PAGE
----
The entire distillery workflow is usually framed in linear terms. Afterall, whisky making is the very definition of a process - a continuous, planned and predictable movement from ingredient transformation and distillation through to maturation, bottling and finally on to the point of sale. A constant and consistent conveyor belt. Rinse and repeat. But this one-dimensionality is not always the case in reality. There are many variables, junctures and difficult decisions involved in the creation of whisky that do not take place on production floors. Distilleries as businesses are faced by an ever-changing array of assessments and choices. Outside of “what are we making and how?”, there are other pertinent calculations that need to be made – least of all “how much are we making, when are we making it and how long are we planning on keeping it?”
The old adage suggests that there’s no accounting for taste. But the psychology of why people actually like things is unquestionably complex. Taste is just a method for filtering the world. Of attempting to apply order to chaos. Perhaps the original thing that humans applied the notion of personal discernment to was food – once sustenance moved from being purely a mechanism for survival, choice suddenly came into play. Apparently we now face upwards of over 200 food decision each and every day. Blimey. Whisky is in essence no different to any other taste decision – it’s a combination of exposure (I.E. awareness), culture and individual personality. And like all other choices, none of these are inherently static or fixed.
The trouble with writing about whisky is that it’s not easy to do well. Those that excel have both the technical knowledge and the innate ability to take their readers on a journey of discovery. They stimulate conversation and illuminate explanation through a seamless amalgamation of entertainment with education. However, not only are these individuals increasingly in short supply – in some quarters the need for them is being questioned. 240 characters or a well-framed photo is now apparently deep enough for many folks. But contrary to diminishing attention spans, I would strongly posit that whisky requires conversant observation and grounded analysis. When a drink takes a long as it does to create, it shouldn’t then fall purely into ephemerality. If you are proclaiming a spirit (and the industry that crafts it) as complex then surely its scrutiny can and should be equally multifaceted.
Barley was dead, to begin with. There is no doubt whatever about that. The register of his burial was signed by the clergyman, the clerk, the undertaker, and the chief mourner. Scrooge signed it. And Scrooge’s name was good upon ‘Change for anything he chose to put his hand to. Old Barley was as dead as a doornail.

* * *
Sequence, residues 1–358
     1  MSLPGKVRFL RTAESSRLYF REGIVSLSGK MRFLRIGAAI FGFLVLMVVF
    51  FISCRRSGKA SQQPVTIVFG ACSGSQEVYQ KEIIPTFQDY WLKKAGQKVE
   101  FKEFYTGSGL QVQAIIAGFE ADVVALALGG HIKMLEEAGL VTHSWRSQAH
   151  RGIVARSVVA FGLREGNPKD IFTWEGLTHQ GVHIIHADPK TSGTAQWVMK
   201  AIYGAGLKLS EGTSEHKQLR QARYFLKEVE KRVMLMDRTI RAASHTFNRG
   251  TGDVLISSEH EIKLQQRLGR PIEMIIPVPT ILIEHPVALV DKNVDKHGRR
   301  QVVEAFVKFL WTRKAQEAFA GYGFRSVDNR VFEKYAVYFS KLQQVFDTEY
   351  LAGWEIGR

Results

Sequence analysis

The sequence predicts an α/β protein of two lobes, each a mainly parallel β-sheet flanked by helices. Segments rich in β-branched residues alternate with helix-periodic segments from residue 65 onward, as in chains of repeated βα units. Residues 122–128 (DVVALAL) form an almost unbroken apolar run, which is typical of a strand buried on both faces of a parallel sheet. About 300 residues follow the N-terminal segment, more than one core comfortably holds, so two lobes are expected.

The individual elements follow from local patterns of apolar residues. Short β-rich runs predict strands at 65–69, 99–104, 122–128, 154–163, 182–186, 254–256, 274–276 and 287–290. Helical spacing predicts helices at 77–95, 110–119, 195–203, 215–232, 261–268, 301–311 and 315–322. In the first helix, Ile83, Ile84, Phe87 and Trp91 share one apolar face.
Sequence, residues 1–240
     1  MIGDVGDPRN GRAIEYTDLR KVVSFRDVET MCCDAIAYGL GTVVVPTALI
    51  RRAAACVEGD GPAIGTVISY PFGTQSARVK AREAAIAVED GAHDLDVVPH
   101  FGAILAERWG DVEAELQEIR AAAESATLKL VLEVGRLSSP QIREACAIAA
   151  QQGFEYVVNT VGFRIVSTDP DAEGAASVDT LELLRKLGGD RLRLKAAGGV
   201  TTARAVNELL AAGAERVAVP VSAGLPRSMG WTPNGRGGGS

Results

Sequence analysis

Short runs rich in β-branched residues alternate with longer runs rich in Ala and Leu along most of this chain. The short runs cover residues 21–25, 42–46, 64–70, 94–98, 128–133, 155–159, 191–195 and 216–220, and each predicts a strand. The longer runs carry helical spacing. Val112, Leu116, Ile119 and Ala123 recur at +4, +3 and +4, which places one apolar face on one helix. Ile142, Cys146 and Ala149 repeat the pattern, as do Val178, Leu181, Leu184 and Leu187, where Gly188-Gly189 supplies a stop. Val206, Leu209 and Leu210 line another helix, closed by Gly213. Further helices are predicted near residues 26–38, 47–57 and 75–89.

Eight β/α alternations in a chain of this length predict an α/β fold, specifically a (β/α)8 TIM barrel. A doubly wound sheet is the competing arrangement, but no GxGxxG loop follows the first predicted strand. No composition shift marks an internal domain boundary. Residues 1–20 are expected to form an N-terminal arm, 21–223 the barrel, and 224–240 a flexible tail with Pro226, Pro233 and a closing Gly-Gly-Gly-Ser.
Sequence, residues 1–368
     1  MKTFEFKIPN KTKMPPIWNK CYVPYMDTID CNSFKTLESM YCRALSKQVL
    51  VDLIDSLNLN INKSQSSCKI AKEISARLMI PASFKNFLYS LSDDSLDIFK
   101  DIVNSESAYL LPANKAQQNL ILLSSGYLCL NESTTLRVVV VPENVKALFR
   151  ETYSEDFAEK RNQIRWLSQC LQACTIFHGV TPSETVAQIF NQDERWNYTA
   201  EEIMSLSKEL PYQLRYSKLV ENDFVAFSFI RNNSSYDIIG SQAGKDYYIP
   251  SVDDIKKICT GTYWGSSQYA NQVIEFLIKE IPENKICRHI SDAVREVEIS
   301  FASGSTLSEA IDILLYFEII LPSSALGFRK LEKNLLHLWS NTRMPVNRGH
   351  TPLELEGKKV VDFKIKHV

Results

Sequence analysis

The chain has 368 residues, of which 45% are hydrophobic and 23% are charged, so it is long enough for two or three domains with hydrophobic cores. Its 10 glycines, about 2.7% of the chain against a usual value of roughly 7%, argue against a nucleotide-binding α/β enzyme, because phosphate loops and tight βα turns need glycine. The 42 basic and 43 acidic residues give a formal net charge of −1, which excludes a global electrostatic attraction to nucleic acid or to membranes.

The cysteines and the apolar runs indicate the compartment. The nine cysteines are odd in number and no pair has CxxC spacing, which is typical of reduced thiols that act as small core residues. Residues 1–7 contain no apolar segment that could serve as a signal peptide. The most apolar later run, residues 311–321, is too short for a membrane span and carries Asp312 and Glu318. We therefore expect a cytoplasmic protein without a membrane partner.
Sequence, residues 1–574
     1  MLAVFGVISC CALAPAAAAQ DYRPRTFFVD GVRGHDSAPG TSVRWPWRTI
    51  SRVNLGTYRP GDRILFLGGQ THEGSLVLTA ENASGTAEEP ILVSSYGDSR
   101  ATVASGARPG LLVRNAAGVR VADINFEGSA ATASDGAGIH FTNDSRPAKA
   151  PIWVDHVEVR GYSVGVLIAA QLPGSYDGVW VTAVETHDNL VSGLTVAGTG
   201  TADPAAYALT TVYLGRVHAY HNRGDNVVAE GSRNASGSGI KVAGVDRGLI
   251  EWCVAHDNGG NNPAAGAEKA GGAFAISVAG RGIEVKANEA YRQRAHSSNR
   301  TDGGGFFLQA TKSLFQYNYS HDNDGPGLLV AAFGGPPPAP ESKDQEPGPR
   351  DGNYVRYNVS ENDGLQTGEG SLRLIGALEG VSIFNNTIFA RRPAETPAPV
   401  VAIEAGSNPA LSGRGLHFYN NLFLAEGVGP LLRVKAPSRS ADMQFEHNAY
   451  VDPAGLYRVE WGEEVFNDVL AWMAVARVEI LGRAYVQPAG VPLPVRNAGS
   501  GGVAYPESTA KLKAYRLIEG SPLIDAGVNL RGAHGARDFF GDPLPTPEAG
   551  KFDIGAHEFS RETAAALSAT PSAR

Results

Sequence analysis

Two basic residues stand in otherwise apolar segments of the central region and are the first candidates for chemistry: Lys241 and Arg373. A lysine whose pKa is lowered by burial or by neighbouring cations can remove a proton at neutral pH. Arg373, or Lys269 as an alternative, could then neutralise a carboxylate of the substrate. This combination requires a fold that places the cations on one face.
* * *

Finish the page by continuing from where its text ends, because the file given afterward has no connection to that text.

The core motivation behind independent bottlers has never been to sell whiskies at prices considerably discounted over distillery’s own outputs. That fondly remembered scenario of inexpensive IB releases is now steadily moving out of focus of current day drinkers – but at the same time perceptions that this pricing disparity was *always* the case are actually something of a distortion. And indeed, down the line I suspect we may well all look back on the period of time when IB bottlings were relatively ‘cheap’ as something of an oddity – a gilded age unlikely to be repeated.
Whisky’s intrinsic relationship with the concept of the passage of time is a deeply-rooted yet oft-times rolled-out trope. Outside of the obvious physical requirements of making something and then for all intents and purposes leaving it alone – the industry has perennially gathered around the notion that ‘good whisky is worth waiting for’ – at least for three years. Whilst nowadays time is all too often wrapped up into the idea of the age statement – its application and its historic utilisation cuts far deeper. If you look back to the earliest whisky advertisements of the late 19th Century (all for blends and many that you’d nowadays mark as NAS), you’ll see the regular employment of words such as “old”, “slowly”, “patiently” and “unhurriedly” – all to some degree of truisms of the whisky making process itself - and none having left the modern-day lexicon. But nevertheless, throughout the spirit’s long history the idea of time has been repeatedly deployed to plant the acorn of an idea that it is synonymous with whisky.
I’m going to go out on a limb and suggest that throughout the course of today you’re going to hear one thing repeatedly said about this year’s TWE Black Friday release - “It’s just a Caol Ila.” I’m also going to go out on a limb and tell you why I believe that this all too regularly intoned, throwaway dismissal does a disservice to one of the world’s most versatile distillates.